The effects of belief in pure good and belief in pure evil on consumer ethics

Russell J. Webster, Nicolette Morrone, Donald A. Saucier

Research output: Contribution to journalArticlepeer-review


Even if businesses try to be ethical, they can succeed only if there are ethically-minded consumers. Three studies using college (N = 199) and nationwide (Ns = 345 and 327) convenience samples examined the effects of belief in pure evil (BPE) and belief in pure good (BPG) on consumer ethics attitudes and behavior, after controlling for demographic variables and various moral attitude scales. Across S1 and S2, BPG uniquely predicted greater endorsement of more prosocial consumer actions (e.g., eco-friendly/green behaviors) and greater admonition of more questionable, passive, and active forms of consumer misconduct. BPE, surprisingly, did not consistently predict (or even consistently correlate bivariately with) consumer ethics attitudes. However, in S3, BPE uniquely predicted greater likeability/intentions to buy a product with a poor (vs. excellent) environmental rating regardless of price; meanwhile, BPG uniquely predicted lower likeability/intentions to buy the environmentally unfriendly product and greater likeability/intentions to buy the environmentally friendly product. Parallel findings were found for intentions to watch YouTube videos that explained how to do ethical (vs. unethical) consumer behaviors. In sum, BPG—but not BPE—appears to most consistently relate to both perceptions of ethical consumer behavior and behavioral intentions to act ethically in the marketplace.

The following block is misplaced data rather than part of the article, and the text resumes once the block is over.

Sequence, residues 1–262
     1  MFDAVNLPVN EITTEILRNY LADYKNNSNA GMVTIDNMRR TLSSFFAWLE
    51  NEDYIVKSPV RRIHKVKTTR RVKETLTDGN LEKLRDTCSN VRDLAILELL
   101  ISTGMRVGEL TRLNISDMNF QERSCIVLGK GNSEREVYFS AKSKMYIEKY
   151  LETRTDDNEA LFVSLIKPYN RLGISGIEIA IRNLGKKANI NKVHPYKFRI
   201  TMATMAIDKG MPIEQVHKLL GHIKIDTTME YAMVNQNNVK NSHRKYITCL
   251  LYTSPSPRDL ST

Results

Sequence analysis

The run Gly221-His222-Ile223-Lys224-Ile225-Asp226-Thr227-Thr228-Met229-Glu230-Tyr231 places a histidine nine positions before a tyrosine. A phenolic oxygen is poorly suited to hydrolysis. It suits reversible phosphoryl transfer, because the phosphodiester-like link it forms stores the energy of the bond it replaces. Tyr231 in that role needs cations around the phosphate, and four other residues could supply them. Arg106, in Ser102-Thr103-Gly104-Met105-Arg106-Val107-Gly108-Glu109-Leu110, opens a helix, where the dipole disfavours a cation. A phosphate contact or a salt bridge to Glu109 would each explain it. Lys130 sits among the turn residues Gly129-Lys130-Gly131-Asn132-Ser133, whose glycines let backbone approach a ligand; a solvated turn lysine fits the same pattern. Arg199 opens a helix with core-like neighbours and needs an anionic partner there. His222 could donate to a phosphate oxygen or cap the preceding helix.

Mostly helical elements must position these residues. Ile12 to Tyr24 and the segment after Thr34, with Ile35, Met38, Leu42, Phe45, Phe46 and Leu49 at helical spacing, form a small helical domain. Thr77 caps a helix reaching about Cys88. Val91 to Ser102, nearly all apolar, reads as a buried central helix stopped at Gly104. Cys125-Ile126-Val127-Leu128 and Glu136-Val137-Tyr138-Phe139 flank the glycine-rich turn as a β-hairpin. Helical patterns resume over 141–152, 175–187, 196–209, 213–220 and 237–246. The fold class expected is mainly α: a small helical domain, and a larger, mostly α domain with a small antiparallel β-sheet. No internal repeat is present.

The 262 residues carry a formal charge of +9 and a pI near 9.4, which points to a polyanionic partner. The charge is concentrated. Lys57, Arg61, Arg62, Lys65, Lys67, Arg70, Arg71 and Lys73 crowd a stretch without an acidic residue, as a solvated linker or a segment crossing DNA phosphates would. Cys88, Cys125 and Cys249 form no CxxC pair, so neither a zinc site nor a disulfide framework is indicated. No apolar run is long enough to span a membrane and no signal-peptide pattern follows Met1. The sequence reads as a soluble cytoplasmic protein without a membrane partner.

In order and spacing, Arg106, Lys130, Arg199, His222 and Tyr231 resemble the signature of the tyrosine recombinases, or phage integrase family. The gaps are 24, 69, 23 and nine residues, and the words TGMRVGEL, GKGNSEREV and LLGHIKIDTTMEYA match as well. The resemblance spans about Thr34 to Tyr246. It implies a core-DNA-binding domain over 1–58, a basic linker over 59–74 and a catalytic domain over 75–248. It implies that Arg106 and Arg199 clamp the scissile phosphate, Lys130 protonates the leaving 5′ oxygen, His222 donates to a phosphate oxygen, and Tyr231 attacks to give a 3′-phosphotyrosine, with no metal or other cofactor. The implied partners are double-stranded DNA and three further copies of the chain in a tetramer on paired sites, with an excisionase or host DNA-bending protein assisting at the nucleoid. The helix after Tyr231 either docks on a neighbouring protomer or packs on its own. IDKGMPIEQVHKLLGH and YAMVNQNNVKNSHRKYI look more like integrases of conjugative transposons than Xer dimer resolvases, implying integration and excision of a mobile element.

Original languageEnglish (US)
Article number110768
JournalPersonality and Individual Differences
StatePublished - Jul 2021

All Science Journal Classification (ASJC) codes

  • Psychology(all)


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